I have always been a science fiction fan and I found the controversy surrounding the new movie Transcendence to be interesting. It’s a typical Hollywood melodrama in which Johnny Depp plays a scientist who is investigating artificial intelligence. After he is shot by anti-science terrorists his wife decides to upload his dying brain into their mainframe. As man and machine merge they reach that moment that AI scientists call the singularity – when a machine becomes aware. And with typical Hollywood gusto this first artificial intelligence goes on to threaten the world.
The release of this movie got scientists talking about AI. Stephen Hawking and other physicists wrote an article for The Independent after seeing the movie. They caution that while developing AI would be the largest achievement of mankind, it also could be our last. The fear is that a truly aware computer will not be human and that it will pursue its own agenda over time. An AI will have the ability to be far smarter than mankind and yet contain no human ethics or morality.
This has been a recurrent theme in science fiction starting with Robby the Robot up through Hal in 2001, Blade Runner and The Terminator. But when Hawking issues a warning about AI one has to ask if this is moving out of the realm of science fiction into science reality.
Certainly we have some very rudimentary forms of AI today. We have Apple’s Siri and Microsoft’s Cortana that help us find a restaurant or schedule a phone call. We have IBM’s Deep Blue that can beat the best chess players in the world, win at Jeopardy and that is now making medical diagnosis. And these are just the beginning and numerous scientists are working on the next breakthroughs in machine intelligence that will help mankind. For example, a lot of the research into how to understand big data is based upon huge computational power coupled with some way to make sense out of what the data tells us. But not all AI research leads to good things and it’s disconcerting to see that the military is looking into building self-aware missiles and bombs that can seek out their targets.
One scientist I have always admired is Douglas Hofstadter, the author of Godel, Escher, Bach – An Eternal Golden Braid, that won the Pulitzer prize in 1980. It’s a book I love and one that people call the bible of artificial intelligence. It’s a combination of exercises in computing, cognitive science, neuroscience and psychology and it inspired a lot of scientists to enter the AI world. Hofstadter says that Siri and Deep Blue are just parlor games that overpower problems with sheer computational power. He doesn’t think these kinds of endeavors are going to lead to AI and that we won’t get there until we learn more about how we think and what it means to be aware.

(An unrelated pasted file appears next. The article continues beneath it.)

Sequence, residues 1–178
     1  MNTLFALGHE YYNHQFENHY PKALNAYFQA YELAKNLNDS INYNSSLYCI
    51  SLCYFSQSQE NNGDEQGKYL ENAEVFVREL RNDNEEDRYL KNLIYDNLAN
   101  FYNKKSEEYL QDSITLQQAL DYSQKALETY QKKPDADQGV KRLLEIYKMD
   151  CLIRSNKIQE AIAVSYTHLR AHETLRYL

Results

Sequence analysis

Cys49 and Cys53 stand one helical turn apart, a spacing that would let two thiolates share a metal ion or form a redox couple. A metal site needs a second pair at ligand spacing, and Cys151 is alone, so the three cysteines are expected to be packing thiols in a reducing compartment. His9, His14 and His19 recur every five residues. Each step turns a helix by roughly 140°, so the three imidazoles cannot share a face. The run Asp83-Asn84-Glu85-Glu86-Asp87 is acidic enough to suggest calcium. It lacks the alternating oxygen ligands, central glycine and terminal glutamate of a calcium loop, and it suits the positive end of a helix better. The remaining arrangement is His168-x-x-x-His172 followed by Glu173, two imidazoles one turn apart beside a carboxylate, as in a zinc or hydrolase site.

With that said, most leading scientists in the field are predicting the singularity anywhere from 20 to 40 years from now. And just about everybody is sure that it will happen by the end of this century. Hawking is right and this will be the biggest event in human history to date – we will have created another intelligence. Nobody knows what that means, but it’s easy to see how a machine intelligence could be dangerous to mankind. Such an intelligence could think circles around us and could compete with us for our resources. It would likely put most of us out of work since it would most of the thinking for us.
And it will probably arise without warning. There are numerous paths being taken in AI research and one of them will probably hit pay dirt. Do we really want a smart Siri, one that is smarter than us? My answer to that question is, only if we can control it. However, there is a good chance that we won’t be able to control such a genie or ever put it back into its bottle. Add this to the things to worry about, I guess.